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It was to be the start of an exciting tour of the Middle East—a break from their dull, middle-class life in Kurla West. At least, that is what her husband had told her. The family spent three months in the country, before they packed their bags for Turkey.
In Istanbul, they checked into a hotel room. Fathima remembers being over the moon. She was pregnant with their second child, and spent most of her time in the hotel room. Hussaifa would go out often to meet his friends. After spending five days in Istanbul, they headed south to the Turkey-Syria border. It wasand things Naked Syria women taken a dark turn in the region. An extremist group called Islamic State had captured swathes of territory in Syria and neighbouring Iraq, and declared itself a caliphate.
Its reach extended from Mosul in Iraq in the east, to the outskirts of Aleppo in Syria, km to the west. Hussaifa wanted to answer that call. I still believe that he, too, did not know what lay next for us. IS had plundered the town and driven away its diverse population of Syrians, Kurds, Arabs and Assyrians. Hussaifa, however, was hopeful of finding a job, and he promised Fathima a peaceful life—just like the one they had in Mumbai.
Their daughter Yahya was soon born. As the battle raged, the family was forced to move deep into IS territory. Fathima was pregnant again, and Hussaifa took her km south to Raqqa, a historic Syrian city and the de facto capital of the caliphate. He took up a job there, and their third child, Aisha, was born. Two years later, mayhem broke out again.
Under siege from a coalition of Naked Syria women forces, IS had withdrawn from many of its strongholds in Syria and Iraq. Byits territory had shrunken ificantly. Mosul had been freed and Raqqa was the only major city under IS occupation. In October that year, the coalition forces began their final attack on Raqqa. According to Fathima, Hussaifa died when a shell hit him in He did not go to the battlefield to fight for IS. In MarchBaghouz became the last IS stronghold to fall.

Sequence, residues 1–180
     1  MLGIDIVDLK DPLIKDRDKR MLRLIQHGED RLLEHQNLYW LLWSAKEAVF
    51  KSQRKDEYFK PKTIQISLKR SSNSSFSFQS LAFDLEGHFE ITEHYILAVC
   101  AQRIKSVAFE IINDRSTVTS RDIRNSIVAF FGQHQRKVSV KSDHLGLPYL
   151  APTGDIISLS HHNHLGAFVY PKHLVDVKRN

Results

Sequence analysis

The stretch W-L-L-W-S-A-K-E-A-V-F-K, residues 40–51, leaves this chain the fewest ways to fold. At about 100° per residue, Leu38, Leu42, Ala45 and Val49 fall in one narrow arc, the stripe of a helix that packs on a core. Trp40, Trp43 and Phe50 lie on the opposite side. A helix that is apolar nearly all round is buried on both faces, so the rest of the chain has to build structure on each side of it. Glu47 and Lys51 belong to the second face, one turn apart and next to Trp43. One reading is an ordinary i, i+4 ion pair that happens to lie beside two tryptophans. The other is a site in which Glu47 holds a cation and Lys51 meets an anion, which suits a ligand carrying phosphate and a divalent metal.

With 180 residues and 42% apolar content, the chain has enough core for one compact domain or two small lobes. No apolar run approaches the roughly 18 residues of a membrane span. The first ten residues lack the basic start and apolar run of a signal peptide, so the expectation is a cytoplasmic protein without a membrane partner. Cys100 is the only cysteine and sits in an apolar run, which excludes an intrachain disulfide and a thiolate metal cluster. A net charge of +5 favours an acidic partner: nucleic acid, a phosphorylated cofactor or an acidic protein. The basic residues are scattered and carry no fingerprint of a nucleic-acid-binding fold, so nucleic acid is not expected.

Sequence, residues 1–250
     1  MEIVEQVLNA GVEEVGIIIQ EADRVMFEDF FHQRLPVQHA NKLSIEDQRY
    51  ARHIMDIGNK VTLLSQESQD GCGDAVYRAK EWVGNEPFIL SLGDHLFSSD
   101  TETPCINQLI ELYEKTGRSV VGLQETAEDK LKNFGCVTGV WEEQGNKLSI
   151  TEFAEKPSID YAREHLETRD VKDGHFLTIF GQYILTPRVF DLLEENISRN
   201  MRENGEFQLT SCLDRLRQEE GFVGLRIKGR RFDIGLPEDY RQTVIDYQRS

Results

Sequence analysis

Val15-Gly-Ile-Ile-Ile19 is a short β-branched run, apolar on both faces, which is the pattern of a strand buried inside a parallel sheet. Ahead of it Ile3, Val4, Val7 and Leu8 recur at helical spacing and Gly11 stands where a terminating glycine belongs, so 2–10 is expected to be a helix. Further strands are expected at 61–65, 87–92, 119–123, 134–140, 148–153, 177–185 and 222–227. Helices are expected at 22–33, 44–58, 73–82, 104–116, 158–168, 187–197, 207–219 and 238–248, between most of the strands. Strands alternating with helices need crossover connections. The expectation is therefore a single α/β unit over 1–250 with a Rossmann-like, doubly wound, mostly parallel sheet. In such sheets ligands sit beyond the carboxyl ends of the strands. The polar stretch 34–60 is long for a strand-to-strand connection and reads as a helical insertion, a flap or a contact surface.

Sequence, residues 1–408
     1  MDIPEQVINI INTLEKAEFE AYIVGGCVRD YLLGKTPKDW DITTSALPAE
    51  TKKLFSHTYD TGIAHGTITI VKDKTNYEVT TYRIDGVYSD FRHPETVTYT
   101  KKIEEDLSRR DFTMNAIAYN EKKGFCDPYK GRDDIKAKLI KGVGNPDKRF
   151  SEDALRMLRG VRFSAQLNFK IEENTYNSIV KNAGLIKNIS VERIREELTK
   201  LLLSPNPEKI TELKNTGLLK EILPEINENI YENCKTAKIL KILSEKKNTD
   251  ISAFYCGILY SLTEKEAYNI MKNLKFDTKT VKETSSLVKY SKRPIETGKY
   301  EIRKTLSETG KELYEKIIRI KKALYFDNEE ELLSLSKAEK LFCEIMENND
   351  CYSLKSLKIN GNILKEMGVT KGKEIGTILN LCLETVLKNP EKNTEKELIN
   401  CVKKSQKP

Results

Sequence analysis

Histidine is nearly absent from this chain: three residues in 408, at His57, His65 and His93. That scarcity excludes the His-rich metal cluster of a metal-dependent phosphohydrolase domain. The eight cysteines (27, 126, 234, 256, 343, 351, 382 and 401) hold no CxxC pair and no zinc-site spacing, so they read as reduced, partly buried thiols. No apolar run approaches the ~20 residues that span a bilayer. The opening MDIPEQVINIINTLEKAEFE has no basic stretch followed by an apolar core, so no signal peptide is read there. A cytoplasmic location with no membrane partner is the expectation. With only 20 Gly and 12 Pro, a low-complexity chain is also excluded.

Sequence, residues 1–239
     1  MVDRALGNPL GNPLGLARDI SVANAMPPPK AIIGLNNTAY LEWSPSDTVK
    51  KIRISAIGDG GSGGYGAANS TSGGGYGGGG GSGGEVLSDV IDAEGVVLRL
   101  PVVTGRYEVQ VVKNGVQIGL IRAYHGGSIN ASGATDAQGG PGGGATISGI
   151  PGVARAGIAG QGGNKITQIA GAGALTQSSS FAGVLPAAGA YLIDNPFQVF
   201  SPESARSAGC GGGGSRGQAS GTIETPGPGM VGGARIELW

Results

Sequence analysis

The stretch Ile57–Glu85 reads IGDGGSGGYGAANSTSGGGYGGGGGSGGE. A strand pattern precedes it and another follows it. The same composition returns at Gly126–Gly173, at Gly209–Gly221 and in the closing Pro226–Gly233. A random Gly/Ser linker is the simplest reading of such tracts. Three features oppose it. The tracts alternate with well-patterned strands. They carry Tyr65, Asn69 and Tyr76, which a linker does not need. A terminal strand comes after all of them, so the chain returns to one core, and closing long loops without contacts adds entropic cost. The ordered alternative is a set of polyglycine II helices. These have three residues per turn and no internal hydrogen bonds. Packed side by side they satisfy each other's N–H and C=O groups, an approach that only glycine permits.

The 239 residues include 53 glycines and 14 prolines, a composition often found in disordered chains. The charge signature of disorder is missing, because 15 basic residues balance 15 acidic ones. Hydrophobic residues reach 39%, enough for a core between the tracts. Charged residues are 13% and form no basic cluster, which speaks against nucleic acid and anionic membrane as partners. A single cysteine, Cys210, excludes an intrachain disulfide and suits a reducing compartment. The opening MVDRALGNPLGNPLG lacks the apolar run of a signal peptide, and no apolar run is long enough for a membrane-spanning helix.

But I do not know where they are now. Fathima, now 33, and her three children are now at a sprawling refugee camp at Al-Hol in eastern Syria. The camp houses more than one lakh people from nearly 50 countries, including widows and children of IS fighters. The facility is more like a prison; families live in seemingly endless rows of tiny tents that have muddy floors covered by thick sheets.
Life in Al-Hol becomes hell during the rains.
Water seeps through the tents and sewers overflow, turning the camp into a den of diseases. There are four hospitals inside the compound, run by around 30 aid groups, but demand always outstrips supply. It is cold, and the children often fall sick. Fathima and her daughters sat with us in the camp office. Kisar, who had turned eight, was guarding the tent. We sat in one of the two makeshift rooms that were fenced off from the main office space. The rooms had thick walls and PVC doors.
One room was exclusively used by officers of the Syrian Democratic Forces, a coalition of Kurdish, Syrian and Arab militias that run the camp. The other room served as a lounge for visiting diplomats, journalists and researchers. There were brown sofas all around, and a small glass-topped table holding an ashtray.
We had entered the camp at noon after rigorous security checks. A young Kurdish officer called Aveen had received us in the office and served us hot black tea. She talked about the difficulties in running the camp, before asking us who we wanted to meet. She then arranged for armed guards to escort us to the annex, a section where 12, wives, widows and children of IS fighters Naked Syria women held.